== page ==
Find Alice on Twitter @AliceRisely
Involved with the BOU as:
BOU member since: 2013
Why are you a member of the BOU?
I first joined the BOU as an early career researcher in 2013 so that I could attend the annual conference on ‘Avian demography in a changing world’. Afterwards I applied and was awarded the BOU Career Development Bursary to conduct research on migrant wintering ecology, which I happily published in the BOU journal Ibis. The BOU bursary and publication helped me get a PhD in Australia studying migratory waders which I’m currently completing, and I now follow the BOU twitter feed, blogs and journal to keep up to date with all the current ornithological research from the other side of the world!
What do you enjoy most about your involvement with the BOU?
Since I am now based in Australia I don’t get to attend the great conferences and meetings organised by the BOU right now, but I still feel part of the BOU community online. The BOU does a great job of bringing together the most interesting avian research around the world and really helps me keep up to date!
Tell us a bit more about the project for which you received BOU funding?
The BOU bursary I was awarded contributed towards a long-term project investigating Whinchat ecology in their Nigerian non-breeding grounds, one of the very few looking at migrant ecology in Africa. I wanted to find out whether individual condition and status on their wintering territories affected their spring departure date, and whether they stayed on their territory to fatten up for migration, and to what extent. You can read more about it here
What is your most memorable bird-y experience?
I had a very surreal moment in Nigeria when I was in the field, when I looked up to see the sky blackened out with possibly thousands of migrating raptors of all kinds of species. I stared up for a long time at the circling mass of birds, telling myself I shouldn’t forget that moment!
What do you predict to be the future big research areas in ornithology?
I’m a bit biased since I study disease dynamics, but I think we are only just beginning to realise the importance of parasites and infections on not only regulating populations, but also influencing community dynamics and ecosystem functioning. We know disease was one of the strongest selection forces in humans before modern medicine (and still is in some regions), yet we still have limited understanding of its effects and relationships in wild animals.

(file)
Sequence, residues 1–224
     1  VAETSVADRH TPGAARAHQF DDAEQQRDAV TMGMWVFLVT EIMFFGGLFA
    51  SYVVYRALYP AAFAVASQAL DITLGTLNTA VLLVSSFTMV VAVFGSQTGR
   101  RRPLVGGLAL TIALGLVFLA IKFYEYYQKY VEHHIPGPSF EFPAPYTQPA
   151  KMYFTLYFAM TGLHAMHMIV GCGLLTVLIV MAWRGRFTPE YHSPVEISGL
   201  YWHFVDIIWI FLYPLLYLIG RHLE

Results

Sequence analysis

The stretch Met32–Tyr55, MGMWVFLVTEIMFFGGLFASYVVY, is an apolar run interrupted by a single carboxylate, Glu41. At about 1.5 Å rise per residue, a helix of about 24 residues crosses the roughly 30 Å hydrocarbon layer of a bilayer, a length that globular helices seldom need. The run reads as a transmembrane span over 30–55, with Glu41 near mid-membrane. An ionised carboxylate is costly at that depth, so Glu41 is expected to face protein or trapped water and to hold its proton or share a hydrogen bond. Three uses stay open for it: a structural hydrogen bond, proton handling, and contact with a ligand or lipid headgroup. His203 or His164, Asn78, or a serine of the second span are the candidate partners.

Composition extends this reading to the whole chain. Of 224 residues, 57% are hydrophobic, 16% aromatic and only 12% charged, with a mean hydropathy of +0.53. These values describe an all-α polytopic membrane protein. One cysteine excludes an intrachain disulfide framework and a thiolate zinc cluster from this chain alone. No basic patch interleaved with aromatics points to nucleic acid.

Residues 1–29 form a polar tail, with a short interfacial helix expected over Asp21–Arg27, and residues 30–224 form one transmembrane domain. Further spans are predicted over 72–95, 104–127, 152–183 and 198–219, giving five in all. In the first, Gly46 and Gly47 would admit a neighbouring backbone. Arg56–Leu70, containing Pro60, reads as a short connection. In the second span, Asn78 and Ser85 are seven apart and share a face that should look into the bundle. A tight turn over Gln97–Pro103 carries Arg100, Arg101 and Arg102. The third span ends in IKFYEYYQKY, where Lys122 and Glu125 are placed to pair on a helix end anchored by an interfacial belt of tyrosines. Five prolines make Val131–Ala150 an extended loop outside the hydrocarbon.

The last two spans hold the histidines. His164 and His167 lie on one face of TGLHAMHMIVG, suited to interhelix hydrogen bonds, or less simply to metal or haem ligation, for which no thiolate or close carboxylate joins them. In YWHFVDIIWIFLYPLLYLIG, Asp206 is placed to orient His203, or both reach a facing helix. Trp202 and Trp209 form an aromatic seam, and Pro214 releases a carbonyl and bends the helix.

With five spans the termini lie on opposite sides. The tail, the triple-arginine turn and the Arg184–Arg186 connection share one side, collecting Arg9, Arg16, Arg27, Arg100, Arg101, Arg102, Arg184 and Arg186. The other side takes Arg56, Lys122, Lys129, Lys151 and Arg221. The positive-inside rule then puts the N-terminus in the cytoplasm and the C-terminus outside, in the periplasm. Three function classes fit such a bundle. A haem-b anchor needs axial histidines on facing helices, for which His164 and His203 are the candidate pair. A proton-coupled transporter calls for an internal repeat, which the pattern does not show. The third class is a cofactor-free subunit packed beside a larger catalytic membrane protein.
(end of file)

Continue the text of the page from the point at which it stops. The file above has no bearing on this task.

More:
What would you say to anyone considering research in ornithology?
Go for it! Ornithology is a welcoming field with lots of opportunities for field, lab and modelling work. Get funding to go to conferences, pay attention to the subjects and researchers you find most interesting, then read the discussion sections of their latest research papers to find out their recommendations for future research (then email them to ask for a project 🙂 )
If you could visit anywhere in the world, that you haven’t yet been to, where would it be and why?
I’ve always wanted to go to Alaska to see the teeming wildlife which flocks (and swims and runs) there for the spring and summer.
What are the big conservation challenges in the next decade?
Conserving wild habitats in the face of population expansion is the obvious big one. However, illegal trafficking and destruction of wildlife is now reaching huge proportions and threatening many species and ecosystems. In addition, wildlife disease epidemics are increasing, partly due to increased human-wildlife contact, but also because changes in ecological functioning are making wildlife more vulnerable disease outbreaks. For example, introduced parasites are threating to wipe out many bird species in Hawaii and Galapagos at the moment, and controlling the spread of amphibian chytrid fungus is one of the most urgent conservation issues in the world right now.
What are your interests outside the world of ornithology?
When I’m not working on my PhD I can usually be found trying to surf or out swing dancing!